Sometimes you’ll discover some interesting lore, a nifty bit of environmental storytelling or a named enemy that will drop an item with unique flavor text, but those moments are few and far between. I kept waiting for Diablo IV’s world to surprise me, to do something unexpected. The closest the game came to scratching that itch was when it sent the Butcher, a boss that shows up in nearly every Diablo game, to murder my character in an optional dungeon I was exploring. Even though my barbarian didn’t survive the encounter, I wanted more moments like that. Instead, the game seemed dead set on offering me an endless checklist of samey content if I ever decided to strike off on my own.
That frustration is palpable while playing Diablo IV because so much of the game is immediately compelling. Nearly every inch of its open world is striking, with some of the most detailed and creative assets Blizzard has ever produced. Add to that a soundtrack that is haunting and evocative, and you have an experience that’s begging for players to inhabit it.
Maybe it’s my fault for expecting a live service game to offer something more substantive, but everywhere in Diablo IV, you see evidence that the people who spent years of their lives working on this project wanted the same thing. Just look at character creation. Clearly, the intention here was to allow players to make their druid, barbarian, sorcerer, rogue or necromancer look exactly like they’ve always appeared in their imaginations. Diablo IV offers a dizzying amount of visual customization for each class. In addition to all of the items, you can give your character different hairstyles and tattoos, and modify their skin tone, eye color and other attributes. Add in the transmog system, which allows you to transform the appearance of items to make them look like ones you’ve found in the past, and I can guarantee no two characters will look alike.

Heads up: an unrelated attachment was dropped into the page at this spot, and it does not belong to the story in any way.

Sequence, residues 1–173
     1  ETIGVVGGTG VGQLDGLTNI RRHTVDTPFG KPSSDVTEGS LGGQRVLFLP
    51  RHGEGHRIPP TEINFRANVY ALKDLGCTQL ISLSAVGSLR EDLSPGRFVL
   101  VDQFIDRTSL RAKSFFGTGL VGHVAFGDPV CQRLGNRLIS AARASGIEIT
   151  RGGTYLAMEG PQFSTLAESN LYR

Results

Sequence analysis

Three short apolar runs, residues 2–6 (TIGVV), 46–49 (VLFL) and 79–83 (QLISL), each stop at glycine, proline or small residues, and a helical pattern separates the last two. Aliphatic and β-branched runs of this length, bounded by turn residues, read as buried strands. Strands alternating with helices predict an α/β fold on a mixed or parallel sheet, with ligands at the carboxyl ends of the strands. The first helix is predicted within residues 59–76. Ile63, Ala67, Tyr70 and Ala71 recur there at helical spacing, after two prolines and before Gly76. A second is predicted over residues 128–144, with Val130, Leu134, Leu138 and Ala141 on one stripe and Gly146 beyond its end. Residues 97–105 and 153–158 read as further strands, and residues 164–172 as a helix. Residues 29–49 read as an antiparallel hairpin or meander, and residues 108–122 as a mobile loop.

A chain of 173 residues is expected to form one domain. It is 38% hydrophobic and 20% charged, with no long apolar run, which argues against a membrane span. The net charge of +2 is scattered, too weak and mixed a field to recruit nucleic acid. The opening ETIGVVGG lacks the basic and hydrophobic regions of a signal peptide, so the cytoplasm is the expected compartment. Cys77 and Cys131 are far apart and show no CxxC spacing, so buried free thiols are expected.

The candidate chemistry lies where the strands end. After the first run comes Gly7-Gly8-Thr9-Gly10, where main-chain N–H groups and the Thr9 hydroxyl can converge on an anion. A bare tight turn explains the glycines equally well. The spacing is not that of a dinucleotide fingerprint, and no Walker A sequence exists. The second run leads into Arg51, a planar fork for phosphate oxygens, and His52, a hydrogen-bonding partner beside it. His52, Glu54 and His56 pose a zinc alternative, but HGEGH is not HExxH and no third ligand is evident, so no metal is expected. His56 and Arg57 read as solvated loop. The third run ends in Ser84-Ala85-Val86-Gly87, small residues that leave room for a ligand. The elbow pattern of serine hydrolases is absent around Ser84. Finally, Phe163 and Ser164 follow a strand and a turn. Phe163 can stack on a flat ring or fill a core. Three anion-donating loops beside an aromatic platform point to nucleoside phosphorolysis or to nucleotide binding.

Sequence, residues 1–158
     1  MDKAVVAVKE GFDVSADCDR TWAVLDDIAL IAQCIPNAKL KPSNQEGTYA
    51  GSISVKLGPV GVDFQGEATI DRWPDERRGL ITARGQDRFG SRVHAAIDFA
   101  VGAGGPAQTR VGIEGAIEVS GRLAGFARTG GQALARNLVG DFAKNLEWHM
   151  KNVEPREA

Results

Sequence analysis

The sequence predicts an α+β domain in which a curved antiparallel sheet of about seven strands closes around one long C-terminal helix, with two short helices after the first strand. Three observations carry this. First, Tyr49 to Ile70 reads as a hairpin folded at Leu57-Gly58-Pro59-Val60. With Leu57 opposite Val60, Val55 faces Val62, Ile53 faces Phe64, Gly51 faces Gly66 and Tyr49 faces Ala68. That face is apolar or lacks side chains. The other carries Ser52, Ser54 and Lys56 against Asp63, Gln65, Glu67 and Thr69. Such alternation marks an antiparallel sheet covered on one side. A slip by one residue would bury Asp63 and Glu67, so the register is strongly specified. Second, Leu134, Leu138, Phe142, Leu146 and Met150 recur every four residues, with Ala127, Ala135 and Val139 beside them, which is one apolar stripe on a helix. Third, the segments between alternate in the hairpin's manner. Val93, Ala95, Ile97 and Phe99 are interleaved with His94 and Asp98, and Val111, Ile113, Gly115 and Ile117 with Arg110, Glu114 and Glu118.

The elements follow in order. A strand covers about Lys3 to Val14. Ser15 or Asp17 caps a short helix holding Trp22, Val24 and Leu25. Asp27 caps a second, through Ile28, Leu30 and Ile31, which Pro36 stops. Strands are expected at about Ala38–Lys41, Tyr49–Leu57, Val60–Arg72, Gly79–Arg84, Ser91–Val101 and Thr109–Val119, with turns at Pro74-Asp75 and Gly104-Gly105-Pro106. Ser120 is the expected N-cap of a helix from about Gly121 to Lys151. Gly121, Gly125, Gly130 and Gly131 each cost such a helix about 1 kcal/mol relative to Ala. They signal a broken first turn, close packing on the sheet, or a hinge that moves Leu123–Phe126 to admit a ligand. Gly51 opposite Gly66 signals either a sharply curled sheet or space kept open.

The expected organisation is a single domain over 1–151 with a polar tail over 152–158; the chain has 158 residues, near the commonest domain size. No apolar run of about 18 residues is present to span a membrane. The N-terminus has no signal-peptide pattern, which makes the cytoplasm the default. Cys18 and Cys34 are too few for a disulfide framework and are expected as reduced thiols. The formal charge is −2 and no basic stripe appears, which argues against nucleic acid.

Blizzard obviously also put a lot of thought into player agency, allowing each class to be played in a variety of ways. The Aspects system is one of Diablo IV’s most compelling features: By completing dungeons and finding legendary items, you will collect item affixes that modify how skills work, and they’re transferable among your inventory. Some of these can completely change how your build functions. After some initial frustration, I found a build that allowed my barbarian to make short work of both hordes of monsters and Diablo IV’s spongy bosses, and I had a lot of fun with the game. I just wish there was more to do in Diablo IV’s world other than kill countless monster hordes. After all, role-playing has always been part of the ARPG genre.